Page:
The Washington Times reports that an unpublished report by defense contractor Booz Allen Hamilton concludes that China is expanding its military and is “building strategic relationships” along sea lanes from the Middle East to Southern China” in ways that suggest defensive and offensive positioning to protect China’s energy interests, but also to serve broad security objectives.” The paper, titled “Energy Futures in Asia,” was commissioned by Donald Rumsfeld. China intends to protect the sea lanes militarily, by strengthening its navy and developing undersea mines and a missile system. The report warns that these capabilities could be used “to deter the potential disruption of its energy supplies from potential threats, including the US Navy, especially in the case of a conflict with Taiwan.” Beijing is also developing strategic alliances with the states along the sea lanes in an effort to increase its influence in the region. [Washington Times, 1/18/2005]
Pakistan - Beijing is constructing a naval base at the Pakistani port of Gwadar and setting up electronic eavesdropping posts in the city which will monitor ship traffic through the Strait of Hormuz and the Arabian Sea. [Washington Times, 1/18/2005]
Bangladesh - China is developing closer ties to Bangladesh and building a container port facility at the city of Chittagong. [Washington Times, 1/18/2005]
Burma (Myanmar) - China has established close relations with the military regime of Burma. It has provided Burma with “billions of dollars in military assistance to support a de facto military alliance,” is building naval bases there, and has already positioned electronic intelligence gathering facilities on islands in the Bay of Bengal and near the Strait of Malacca. Burma’s location is of strategic importance to Beijing because of its close proximity to the Strait of Malacca, through which 80 percent of China’s imported oil is shipped. [Washington Times, 1/18/2005]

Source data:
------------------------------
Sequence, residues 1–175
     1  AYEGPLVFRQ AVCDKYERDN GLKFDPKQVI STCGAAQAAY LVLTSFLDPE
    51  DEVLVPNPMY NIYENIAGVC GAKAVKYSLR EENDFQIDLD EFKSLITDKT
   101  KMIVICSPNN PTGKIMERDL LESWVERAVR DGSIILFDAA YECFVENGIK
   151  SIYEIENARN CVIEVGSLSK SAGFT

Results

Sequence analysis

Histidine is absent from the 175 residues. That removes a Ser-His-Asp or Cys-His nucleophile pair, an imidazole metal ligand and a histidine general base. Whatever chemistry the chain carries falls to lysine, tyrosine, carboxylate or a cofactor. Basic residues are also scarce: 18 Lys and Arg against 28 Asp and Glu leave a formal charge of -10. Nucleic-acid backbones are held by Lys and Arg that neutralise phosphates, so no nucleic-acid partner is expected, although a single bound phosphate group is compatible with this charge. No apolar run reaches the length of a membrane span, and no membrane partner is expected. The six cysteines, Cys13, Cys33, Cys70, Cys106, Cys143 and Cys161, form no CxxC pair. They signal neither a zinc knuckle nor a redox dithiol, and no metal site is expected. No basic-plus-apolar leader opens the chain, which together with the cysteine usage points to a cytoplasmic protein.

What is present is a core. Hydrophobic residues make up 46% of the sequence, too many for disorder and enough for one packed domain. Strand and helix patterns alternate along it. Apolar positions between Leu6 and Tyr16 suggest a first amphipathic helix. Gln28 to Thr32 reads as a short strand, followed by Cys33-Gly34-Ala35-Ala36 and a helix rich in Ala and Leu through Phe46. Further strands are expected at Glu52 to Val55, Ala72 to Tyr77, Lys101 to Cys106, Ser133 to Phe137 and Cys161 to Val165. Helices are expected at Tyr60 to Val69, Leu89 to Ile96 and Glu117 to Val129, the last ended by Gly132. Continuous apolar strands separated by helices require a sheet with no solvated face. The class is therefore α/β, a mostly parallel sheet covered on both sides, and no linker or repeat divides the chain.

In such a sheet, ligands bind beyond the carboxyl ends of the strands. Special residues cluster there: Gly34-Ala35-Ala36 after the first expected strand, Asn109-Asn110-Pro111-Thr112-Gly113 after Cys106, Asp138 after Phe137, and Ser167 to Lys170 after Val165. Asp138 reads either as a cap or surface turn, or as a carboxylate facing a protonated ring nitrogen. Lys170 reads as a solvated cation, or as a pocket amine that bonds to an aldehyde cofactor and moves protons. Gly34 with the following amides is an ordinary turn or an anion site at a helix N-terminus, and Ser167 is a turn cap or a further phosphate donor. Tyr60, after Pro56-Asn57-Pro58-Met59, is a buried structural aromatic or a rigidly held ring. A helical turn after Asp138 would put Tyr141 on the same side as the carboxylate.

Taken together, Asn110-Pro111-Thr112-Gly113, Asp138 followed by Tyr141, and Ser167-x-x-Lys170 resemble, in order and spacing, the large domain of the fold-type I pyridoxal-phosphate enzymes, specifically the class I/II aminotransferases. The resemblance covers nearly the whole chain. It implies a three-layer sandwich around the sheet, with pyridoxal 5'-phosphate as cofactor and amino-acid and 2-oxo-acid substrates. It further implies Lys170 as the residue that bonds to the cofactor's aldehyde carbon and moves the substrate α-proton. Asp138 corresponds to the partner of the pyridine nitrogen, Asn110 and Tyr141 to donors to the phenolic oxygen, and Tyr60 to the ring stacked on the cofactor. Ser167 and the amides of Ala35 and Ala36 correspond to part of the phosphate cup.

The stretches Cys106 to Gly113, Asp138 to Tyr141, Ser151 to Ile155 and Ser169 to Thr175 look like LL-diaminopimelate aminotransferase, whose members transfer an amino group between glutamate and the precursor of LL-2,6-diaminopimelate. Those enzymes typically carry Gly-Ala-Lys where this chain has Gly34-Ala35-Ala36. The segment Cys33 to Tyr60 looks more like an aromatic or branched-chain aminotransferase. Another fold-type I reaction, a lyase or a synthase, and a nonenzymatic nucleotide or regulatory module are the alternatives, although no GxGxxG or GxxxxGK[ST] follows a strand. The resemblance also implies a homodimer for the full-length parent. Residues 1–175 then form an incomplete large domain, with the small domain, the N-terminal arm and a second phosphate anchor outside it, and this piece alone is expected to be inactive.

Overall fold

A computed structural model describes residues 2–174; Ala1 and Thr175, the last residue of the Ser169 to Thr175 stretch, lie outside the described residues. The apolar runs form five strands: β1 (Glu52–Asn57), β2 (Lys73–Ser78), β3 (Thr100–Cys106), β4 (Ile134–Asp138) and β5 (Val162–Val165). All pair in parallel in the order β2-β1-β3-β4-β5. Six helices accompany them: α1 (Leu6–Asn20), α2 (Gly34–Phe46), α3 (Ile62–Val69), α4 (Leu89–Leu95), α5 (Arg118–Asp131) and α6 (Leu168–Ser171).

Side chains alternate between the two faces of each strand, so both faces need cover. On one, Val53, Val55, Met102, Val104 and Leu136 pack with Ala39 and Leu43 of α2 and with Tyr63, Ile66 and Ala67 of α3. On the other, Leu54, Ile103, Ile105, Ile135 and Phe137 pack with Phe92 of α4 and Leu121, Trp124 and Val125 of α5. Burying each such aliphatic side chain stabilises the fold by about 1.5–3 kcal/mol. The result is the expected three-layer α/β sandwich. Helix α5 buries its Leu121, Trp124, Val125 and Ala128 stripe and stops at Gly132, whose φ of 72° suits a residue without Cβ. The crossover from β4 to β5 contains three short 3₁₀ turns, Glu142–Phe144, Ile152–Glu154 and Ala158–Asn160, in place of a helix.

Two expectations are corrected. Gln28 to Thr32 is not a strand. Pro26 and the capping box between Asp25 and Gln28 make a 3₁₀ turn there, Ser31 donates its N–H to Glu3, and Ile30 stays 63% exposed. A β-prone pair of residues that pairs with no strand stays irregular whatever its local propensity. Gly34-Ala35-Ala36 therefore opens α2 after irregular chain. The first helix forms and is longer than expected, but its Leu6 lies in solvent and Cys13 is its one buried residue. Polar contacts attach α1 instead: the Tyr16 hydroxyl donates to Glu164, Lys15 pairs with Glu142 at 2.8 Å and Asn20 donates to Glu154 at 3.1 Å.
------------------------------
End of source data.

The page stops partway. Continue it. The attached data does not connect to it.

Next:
Cambodia - In November 2003, China agreed to provide training and equipment to Cambodia’s military. China and Cambodia are engaged in a joint effort to build a railway from southern China to the sea. [Washington Times, 1/18/2005]
Thailand - China may fund a $20 billion canal that would cut across the Kra Isthmus and allow ships to bypass the Strait of Malacca. [Washington Times, 1/18/2005]
Vice President Dick Cheney travels to Asia to talk with US allies about dealing with North Korea’s nuclear program. Cheney reiterates the same position the US has had for years: the allies must join together in isolating North Korea and force “regime change” in that nation. The allies Cheney visits—South Korea, Japan, and China—have no interest in such a policy. They fear the possible consequences, be they a sudden onslaught of refugees, a power vacuum, or retaliatory strikes by Kim Jong Il in his last chaotic days in control of North Korea. Instead, China has opened up its own negotiations with North Korea, trying on its own to defuse the issue and calm Kim down. Meanwhile, North Korea says it has successfully solved all of the technical problems standing in the way of it producing nuclear weapons. No one knows precisely what, if any, nuclear weapons North Korea has, or what it is capable of producing (see January 10-22, 2004). [Washington Monthly, 5/2004]
Speaking to students in China, Vice President Cheney says that former president Dwight Eisenhower first gave the vice president an office “in the executive branch,” and adds, “since then the responsibilities have gradually increased.” However, Cheney has repeatedly said that the vice president is not part of the executive branch (see 2003, June 26, 2007, and June 29, 2007). [Congress Daily, 6/29/2007]